Overall Interpretation of VUCS and Performance of the Method

By using the multicriteria decision steps included in our flowchart, seven variants were classified as probably neutral regarding their impact on splicing; these include two missense mutations, c.532G>A (p.(Gly178Arg)) and c.3014T>G (p.(Ile1005Arg)), which could lead instead to a CFTR protein structure and/or function alteration (Table 1). This conclusion is in line with a previous study showing that the missense variant p.(Gly178Arg) alters CFTR activity [Seibert et al., 1997]. The direct consequences of p.(Ile1005Arg) on CFTR protein should be further evaluated using specific bioinformatics and functional studies, to confirm or exclude its potential pathogenicity. The eight other variants in our study, c.579+3A>G, c.869+5G>A, c.1766+5G>A, c.1585-8G>A, c.2909-15T>G, c.3964-3C>G, c.454A>G, and c.2706C>G, were considered as probably pathogenic on splicing.

The overall correlation between this classification and the in vitro functional studies was high. Fourteen variants out of the fifteen (93.33%) were correctly classified regarding experimental results (Table 2). The specificity of our method was 100%, as we observed six true negative and no false positive interpretation. Its sensitivity was high (88.89%) with eight true positive correctly predicted and only one false negative variant, the exonic c.532G>A variant, classified as probably neutral on splicing (Table 1) but leading in vitro to a high proportion of transcripts lacking CFTR exon 5.

Discussion

  1. Top of page
  2. ABSTRACT
  3. Introduction
  4. Methods and Decision Criteria
  5. RESULTS
  6. Discussion
  7. Acknowledgments
  8. References
  9. Supporting Information

The decision tree developed in this study is based on the general approach for predicting the pathogenicity of VUCS. International guidelines recommend a combination of general (epidemiological and familial data) and specific criteria depending on the type of the variant. A bias can be introduced if analysis only takes into account the position of the VUCS in the coding versus intronic region. Indeed, the effect of an exonic nonsynonymous variant will be evaluated only at protein level, ignoring the possible consequences of the nucleotide substitution on splicing. We built our classification method avoiding this preselection by evaluating, as a first step, the impact of all types of VUCS on pre-mRNA splicing. Then only nonsynonymous variants predicted to have no impact on splicing would secondarily be evaluated for their impact on the protein (Fig. 1). We performed in depth study of 15 representative CFTR variants to evaluate performance of this method compared to in vitro functional studies, and finally validated their classification as probably neutral or probably pathogenic on splicing.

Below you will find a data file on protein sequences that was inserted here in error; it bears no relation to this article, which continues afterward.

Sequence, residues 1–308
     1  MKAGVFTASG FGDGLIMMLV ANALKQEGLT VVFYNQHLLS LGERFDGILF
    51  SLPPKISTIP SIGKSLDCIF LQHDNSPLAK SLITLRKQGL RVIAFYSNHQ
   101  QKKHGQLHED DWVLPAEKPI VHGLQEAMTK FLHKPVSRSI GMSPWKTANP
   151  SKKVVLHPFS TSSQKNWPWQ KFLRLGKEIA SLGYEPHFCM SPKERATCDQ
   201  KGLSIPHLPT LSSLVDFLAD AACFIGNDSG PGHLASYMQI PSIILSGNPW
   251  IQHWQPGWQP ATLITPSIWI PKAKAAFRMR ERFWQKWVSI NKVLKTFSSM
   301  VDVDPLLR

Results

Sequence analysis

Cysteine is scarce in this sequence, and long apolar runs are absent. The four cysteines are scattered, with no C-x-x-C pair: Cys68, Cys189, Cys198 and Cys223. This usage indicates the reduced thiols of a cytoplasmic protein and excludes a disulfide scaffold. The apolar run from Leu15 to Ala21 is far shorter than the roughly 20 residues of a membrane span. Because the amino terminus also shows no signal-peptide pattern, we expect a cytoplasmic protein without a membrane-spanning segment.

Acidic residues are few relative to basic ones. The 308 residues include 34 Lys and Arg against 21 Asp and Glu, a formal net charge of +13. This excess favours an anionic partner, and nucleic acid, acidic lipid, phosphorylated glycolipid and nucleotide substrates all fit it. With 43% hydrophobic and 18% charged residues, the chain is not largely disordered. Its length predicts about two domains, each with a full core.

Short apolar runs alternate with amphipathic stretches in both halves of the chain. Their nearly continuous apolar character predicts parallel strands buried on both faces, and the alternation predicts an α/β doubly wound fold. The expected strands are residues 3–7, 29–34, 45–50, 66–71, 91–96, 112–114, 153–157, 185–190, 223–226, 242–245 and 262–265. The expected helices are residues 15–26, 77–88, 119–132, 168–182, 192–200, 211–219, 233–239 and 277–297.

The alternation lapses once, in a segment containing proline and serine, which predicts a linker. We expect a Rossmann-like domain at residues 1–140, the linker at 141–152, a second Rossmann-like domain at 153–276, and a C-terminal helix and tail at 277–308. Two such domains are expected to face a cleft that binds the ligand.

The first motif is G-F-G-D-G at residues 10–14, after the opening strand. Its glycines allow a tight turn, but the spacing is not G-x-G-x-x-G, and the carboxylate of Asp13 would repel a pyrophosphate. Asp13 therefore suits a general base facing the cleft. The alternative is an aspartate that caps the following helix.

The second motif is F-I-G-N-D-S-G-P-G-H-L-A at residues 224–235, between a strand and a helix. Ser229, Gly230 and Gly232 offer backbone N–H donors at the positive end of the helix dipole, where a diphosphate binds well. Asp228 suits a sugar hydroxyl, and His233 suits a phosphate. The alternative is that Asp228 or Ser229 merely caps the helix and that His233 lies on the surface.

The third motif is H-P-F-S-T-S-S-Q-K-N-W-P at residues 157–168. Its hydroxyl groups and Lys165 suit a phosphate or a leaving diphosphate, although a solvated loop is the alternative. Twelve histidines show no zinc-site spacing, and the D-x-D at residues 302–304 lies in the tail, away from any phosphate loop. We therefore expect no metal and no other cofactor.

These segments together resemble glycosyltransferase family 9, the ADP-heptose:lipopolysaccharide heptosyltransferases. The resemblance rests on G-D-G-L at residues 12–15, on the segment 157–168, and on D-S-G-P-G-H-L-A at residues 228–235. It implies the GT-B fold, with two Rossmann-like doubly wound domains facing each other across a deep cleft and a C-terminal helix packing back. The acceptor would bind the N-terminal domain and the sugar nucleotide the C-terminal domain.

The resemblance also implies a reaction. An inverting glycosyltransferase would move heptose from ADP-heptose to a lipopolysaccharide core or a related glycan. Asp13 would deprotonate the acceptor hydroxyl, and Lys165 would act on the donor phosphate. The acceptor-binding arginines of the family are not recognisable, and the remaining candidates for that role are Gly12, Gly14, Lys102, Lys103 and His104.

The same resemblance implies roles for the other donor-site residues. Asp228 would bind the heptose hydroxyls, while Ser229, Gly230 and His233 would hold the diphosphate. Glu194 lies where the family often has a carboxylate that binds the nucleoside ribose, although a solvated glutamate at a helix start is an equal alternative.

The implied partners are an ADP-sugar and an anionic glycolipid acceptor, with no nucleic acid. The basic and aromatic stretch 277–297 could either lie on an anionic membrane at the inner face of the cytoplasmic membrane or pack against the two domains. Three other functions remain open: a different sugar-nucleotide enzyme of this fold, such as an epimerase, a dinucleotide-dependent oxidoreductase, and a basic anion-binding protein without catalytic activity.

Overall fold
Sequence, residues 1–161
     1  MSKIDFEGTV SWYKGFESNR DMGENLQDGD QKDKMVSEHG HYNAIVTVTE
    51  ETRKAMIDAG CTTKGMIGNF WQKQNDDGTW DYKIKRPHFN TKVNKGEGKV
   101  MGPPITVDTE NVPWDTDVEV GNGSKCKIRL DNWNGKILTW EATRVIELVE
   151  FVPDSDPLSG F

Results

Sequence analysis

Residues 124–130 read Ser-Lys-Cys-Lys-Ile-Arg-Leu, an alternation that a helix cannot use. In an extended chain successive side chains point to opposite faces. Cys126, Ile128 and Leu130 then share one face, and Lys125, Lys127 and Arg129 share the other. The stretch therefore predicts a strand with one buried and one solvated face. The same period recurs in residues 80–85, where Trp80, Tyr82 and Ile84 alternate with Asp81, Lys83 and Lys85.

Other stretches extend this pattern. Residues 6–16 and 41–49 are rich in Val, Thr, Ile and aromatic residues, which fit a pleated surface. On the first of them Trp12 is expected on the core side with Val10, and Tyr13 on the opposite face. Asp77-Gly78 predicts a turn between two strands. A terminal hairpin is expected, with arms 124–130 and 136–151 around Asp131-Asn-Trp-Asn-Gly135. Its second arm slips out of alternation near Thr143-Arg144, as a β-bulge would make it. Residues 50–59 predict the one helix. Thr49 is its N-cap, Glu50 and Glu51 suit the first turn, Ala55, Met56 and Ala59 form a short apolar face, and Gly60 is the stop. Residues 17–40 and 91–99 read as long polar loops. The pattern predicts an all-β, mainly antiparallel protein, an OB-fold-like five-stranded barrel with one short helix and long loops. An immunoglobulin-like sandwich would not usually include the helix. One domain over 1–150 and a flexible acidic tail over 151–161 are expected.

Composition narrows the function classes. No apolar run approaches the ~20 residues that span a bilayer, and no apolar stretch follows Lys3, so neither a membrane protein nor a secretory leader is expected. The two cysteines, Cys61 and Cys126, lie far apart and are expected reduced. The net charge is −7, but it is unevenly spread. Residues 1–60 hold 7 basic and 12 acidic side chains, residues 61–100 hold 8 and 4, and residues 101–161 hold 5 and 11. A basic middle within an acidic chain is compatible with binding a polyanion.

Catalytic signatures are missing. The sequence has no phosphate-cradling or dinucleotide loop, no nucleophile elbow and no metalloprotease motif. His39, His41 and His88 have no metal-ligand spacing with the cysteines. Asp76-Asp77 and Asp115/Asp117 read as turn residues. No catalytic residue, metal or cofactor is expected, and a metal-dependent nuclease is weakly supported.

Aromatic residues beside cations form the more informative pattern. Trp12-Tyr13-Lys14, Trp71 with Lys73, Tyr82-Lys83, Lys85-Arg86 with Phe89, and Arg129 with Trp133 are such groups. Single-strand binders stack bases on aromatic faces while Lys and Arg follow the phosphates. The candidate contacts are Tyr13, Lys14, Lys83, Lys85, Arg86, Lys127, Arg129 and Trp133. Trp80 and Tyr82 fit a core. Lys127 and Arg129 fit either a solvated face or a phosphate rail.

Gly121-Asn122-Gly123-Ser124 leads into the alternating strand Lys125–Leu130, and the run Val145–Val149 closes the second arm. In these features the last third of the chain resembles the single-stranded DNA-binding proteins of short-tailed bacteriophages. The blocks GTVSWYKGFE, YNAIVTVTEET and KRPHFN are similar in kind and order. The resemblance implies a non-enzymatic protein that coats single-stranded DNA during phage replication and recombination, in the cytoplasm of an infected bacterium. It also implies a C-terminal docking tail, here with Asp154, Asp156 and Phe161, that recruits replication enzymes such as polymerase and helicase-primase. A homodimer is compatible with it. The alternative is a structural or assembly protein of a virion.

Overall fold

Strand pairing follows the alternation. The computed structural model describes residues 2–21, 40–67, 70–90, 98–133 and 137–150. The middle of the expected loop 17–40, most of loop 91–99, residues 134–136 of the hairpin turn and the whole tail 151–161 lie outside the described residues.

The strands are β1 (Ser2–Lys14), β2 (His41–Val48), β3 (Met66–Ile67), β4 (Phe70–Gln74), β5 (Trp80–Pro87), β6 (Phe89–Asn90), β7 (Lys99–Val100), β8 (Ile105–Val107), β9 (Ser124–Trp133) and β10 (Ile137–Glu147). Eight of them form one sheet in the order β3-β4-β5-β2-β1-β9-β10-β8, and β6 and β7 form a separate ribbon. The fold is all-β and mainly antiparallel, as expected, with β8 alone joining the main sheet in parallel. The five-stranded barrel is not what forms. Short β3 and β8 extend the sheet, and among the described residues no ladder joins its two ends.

The interest of our flowchart is to perform a sequential analysis from general parameters to accurate specific criteria, where each step acts as a filter to guide the classification of variants (Fig. 4). We considered epidemiological data as the first step of the analysis as all variants reported with a frequency higher than 1% in the matched population can be classified as probably neutral (e.g., c.1581A>G). The following step is the review of the international literature and LSDB. In our series, the variant c.579+3A>G could correctly be classified as probably pathogenic, since it was reported four times in CF and CFTR-RD patients in trans of severe mutations in the national collaborative knowledgebase [Bareil et al., 2010]. Moreover, it has recently been shown to affect splicing [Sheridan et al., 2011]. This database also provided valuable information for evaluating the cosegregation of variants with the disease in several families. For instance, the variant c.1585-3T>C found in two symptom-free brothers who carried the same genotype could be classified as possibly neutral.

image

Figure 4. Sequential classification of the 15 VUCS using our decision tree. *The remaining unclassified variant (c.3014T>G/p.(Ile1005Arg)) revealed no impact on splicing and has to be tested at protein level.

Download figure to PowerPoint